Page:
The Resurgence Of Serge Ibaka
Serge Ibaka is having a career year for the Toronto Raptors. His 16.6 points per game and 1.2 assists are the highest he’s ever totalled. On the defensive end, he’s not quite the Iblocka of years past but, he’s averaging 1.4 blocks and 0.6 steals with 5.3 defensive rebounds per game. He is nearing the end of his prime years and the past three or so seasons seemed to indicate a not so steady decline in performance. It looked like he was never going to get back to the level he was at during his time in OKC. This year, the idea of him not impacting the game has seemingly disappeared. He’s second on the Raptors in points, rebounds, and player efficiency (players over 20 mins per game).
Given how he played in last year’s playoffs, I had already written Ibaka off as an impact player. Before the season, I was calling for him to be traded for anything and seeing how he’s been playing, I’m grateful that he wasn’t shipped off. So why is it that Ibaka has made a huge step forward?
First of all: He’s playing center consistently for the first time. According to Basketball Reference, he has played 97% of his minutes so far at the five. In his previous years in the league, he was playing the majority of his minutes at the power forward position. At the beginning of his career, playing power forward was perfect for him. They would generally stay tight to the basket and rarely work beyond the 3-point line. With that, Ibaka was asked to protect the rim, corral rebounds and make the occasional mid-range jumper. In today’s game, power forwards are much more mobile and guys like Blake Griffin and Kevin Love are averaging 6+ 3 point attempts per game. Just the threat of these guys pulling up from beyond the arc forces a player like Ibaka to step up and give room for those guys to blow by and get open closer to the rim.
As the power forward role has changed, so has the role of the center. 5 years ago, Ibaka never would’ve been able to bang bodies with guys like Pau Gasol, Dwight Howard or Al Jefferson. This year as a center, he’s going up against the likes of Nikola Vucevic, Al Horford and Karl Anthony Towns. These guys generally stay closer to the basket but aren’t the overpowering post up guys like we used to see.
Ibaka is also taking much fewer three pointers and shooting closer to the basket. He has only taken 50 three pointers this season which is only 12% of his total field goal attempts. In each of his past four seasons, over 30% of his shots were three pointers. Considering he’s hitting 29% of his shots from deep, it’s probably a smart decision to take less of them.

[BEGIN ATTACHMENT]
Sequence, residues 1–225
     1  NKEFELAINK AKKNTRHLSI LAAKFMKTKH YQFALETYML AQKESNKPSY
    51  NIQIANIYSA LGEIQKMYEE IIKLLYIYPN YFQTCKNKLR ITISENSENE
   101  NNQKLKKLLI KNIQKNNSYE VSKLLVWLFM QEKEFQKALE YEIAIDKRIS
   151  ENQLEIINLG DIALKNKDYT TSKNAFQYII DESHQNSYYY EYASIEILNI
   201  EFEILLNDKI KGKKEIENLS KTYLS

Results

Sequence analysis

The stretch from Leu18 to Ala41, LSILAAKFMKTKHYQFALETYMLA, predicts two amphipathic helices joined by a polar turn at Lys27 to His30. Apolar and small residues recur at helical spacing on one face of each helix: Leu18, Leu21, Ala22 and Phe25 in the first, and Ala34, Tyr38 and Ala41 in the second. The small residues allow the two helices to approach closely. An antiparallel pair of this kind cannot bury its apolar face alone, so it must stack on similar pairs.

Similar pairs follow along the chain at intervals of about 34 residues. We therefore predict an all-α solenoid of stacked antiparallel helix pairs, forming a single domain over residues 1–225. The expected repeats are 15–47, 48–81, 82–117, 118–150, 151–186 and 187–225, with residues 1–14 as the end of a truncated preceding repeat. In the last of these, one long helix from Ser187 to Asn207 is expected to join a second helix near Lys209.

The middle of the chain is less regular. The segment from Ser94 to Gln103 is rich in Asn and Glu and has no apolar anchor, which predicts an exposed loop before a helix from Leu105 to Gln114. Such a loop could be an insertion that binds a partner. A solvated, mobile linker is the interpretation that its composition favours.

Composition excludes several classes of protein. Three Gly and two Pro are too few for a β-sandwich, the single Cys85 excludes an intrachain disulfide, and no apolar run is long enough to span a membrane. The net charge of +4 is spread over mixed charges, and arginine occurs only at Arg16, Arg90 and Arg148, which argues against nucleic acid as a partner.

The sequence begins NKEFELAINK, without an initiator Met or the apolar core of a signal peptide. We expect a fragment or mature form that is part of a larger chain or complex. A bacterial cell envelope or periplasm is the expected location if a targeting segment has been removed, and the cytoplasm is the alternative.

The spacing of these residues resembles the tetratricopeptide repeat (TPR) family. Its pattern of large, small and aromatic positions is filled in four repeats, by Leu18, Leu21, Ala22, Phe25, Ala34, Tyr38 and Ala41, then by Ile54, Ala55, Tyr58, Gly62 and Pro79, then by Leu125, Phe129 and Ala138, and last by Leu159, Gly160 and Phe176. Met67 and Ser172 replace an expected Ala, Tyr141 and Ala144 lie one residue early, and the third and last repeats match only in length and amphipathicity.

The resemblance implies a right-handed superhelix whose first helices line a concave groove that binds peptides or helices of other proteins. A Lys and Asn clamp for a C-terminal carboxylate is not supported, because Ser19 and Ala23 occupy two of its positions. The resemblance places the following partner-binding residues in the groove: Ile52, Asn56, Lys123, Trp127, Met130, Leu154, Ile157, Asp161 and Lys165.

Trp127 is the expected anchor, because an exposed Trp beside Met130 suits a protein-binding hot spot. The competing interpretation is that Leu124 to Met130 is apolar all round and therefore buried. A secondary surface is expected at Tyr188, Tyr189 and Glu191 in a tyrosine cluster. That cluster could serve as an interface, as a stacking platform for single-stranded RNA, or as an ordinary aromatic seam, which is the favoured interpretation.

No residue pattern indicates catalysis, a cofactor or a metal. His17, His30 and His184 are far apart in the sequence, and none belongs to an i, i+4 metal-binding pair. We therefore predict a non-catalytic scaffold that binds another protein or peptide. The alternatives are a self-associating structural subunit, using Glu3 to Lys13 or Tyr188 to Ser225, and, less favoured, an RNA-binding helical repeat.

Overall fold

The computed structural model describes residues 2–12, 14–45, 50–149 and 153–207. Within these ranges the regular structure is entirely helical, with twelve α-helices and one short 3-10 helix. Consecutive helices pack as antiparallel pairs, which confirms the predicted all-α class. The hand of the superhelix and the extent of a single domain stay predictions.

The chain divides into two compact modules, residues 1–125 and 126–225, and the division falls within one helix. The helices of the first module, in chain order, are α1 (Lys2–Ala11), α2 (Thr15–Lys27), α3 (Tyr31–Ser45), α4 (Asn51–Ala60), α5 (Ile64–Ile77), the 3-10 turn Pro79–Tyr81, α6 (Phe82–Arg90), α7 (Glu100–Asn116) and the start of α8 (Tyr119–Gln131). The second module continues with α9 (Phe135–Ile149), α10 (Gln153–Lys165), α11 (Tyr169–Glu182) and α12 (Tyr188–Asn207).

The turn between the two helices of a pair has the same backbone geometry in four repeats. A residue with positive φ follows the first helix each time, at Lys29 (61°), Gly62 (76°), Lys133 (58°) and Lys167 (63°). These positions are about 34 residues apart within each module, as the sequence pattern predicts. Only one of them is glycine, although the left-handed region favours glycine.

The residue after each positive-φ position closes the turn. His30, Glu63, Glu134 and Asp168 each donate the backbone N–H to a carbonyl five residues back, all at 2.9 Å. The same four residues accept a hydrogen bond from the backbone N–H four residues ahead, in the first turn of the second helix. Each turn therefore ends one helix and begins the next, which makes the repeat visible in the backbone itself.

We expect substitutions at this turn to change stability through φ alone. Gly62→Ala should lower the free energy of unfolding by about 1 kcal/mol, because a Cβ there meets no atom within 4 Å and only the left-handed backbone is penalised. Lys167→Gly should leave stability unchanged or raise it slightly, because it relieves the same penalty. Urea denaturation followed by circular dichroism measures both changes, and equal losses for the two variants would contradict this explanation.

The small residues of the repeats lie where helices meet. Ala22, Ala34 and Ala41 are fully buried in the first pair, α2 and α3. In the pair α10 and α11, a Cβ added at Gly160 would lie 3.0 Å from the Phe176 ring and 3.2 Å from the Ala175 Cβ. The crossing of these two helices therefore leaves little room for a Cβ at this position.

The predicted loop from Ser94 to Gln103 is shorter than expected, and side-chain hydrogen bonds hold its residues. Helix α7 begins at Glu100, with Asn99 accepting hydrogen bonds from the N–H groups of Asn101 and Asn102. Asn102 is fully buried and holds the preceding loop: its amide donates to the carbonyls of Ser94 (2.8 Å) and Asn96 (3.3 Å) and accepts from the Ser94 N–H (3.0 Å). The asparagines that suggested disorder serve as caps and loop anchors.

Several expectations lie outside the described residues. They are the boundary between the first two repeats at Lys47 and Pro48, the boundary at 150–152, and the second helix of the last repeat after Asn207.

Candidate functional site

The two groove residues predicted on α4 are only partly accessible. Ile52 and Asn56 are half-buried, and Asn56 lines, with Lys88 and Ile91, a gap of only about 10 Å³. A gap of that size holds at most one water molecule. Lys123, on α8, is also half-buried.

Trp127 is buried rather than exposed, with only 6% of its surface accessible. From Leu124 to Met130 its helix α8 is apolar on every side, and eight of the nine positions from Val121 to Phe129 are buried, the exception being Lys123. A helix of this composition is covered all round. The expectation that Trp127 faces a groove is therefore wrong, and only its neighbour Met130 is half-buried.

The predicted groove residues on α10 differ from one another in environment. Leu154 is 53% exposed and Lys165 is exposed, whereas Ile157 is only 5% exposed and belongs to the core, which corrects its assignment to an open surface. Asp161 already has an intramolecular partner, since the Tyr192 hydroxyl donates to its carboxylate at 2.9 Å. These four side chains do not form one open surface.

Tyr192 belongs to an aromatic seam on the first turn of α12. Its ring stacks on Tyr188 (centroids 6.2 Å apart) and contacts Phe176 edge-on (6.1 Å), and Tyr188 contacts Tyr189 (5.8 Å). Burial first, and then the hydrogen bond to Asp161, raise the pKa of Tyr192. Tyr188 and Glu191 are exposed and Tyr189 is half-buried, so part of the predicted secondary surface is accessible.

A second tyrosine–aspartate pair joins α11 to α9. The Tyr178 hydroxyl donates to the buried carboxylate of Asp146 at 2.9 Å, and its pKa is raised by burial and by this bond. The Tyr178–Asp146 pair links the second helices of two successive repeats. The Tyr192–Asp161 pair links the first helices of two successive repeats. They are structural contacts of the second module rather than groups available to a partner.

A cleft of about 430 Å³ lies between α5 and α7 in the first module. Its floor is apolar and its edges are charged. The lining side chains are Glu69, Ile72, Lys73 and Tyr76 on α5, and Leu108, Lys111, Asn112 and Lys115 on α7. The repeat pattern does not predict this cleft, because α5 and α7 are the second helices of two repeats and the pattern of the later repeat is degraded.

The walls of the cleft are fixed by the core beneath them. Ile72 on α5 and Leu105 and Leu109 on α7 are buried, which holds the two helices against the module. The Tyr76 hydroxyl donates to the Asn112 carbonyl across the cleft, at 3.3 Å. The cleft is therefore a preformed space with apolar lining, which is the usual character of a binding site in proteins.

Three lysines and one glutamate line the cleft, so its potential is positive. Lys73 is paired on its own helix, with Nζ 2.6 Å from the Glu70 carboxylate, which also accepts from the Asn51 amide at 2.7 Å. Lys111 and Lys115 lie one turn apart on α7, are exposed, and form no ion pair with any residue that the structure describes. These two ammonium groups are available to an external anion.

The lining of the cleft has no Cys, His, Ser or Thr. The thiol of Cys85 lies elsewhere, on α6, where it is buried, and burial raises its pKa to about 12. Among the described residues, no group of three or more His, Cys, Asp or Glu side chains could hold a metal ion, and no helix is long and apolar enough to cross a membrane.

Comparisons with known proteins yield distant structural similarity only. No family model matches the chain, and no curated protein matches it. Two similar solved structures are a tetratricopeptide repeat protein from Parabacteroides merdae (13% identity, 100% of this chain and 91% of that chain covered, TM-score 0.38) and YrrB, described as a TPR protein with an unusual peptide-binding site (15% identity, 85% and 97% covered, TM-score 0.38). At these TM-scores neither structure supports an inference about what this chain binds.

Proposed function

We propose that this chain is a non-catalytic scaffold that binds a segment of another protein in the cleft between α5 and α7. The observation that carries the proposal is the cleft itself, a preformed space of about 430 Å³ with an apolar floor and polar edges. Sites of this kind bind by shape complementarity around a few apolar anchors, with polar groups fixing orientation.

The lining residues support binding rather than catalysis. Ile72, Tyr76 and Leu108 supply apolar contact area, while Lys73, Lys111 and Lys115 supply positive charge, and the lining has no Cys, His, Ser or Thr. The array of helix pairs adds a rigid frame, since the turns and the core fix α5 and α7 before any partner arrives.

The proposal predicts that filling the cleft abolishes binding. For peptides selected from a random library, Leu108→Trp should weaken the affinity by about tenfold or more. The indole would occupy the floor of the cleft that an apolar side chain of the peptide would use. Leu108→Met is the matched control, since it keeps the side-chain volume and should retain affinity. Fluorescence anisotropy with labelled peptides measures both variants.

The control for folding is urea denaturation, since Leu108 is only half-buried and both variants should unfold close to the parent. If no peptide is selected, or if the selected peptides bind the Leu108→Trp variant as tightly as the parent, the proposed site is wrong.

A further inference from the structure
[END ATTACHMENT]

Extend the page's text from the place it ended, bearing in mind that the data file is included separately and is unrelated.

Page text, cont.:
Since he’s taking less shots from three, it only makes sense that he’s taking more shots from close range. 52% of his total field goal attempts are coming from within 10 feet (26.5% from 0-3 feet and 25.5% from 3-10 feet). In both of his last two seasons, he only shot 32% of his shots from that area which is crazy considering his FG% within three feet is slightly over 78%.
It takes one thing to get to your spots but another for people to get the ball to you when you get to that spot. Thankfully, Ibaka has the league leader in assists on his team, Kyle Lowry. Is Lowry the best passer in the game? I’m not sure I can answer that right now. What I do know, however, is that Lowry knows how to get the ball to his teammates in spots where they can hit shots most efficiently. This season has shown how much he can make his teammates better. Lowry has assisted on 43% of Ibaka’s baskets (63 of 146) and on average, hits Ibaka with 2.3 assists each game.
Ibaka has been one player who has shocked me in every game so far this season. Whether it was his career high 34 points vs. the Lakers to his perfect shooting performance against the Jazz the very next night. He has been doing everything right so far and deserves all the recognition and some that he’s been getting during his impressive run to start the season.
Usually I hate when I’m wrong but in this case, Ibaka has surprised me with good play and impactful stats. He might not be the same defensive presence as when he was in OKC, but frankly, who is? He’s taken his game to a whole other level and if he can keep it up, not many teams will be able to stop the Raptors deep into the playoffs. Hell, he might even be a dark horse for the Most Improved Player award.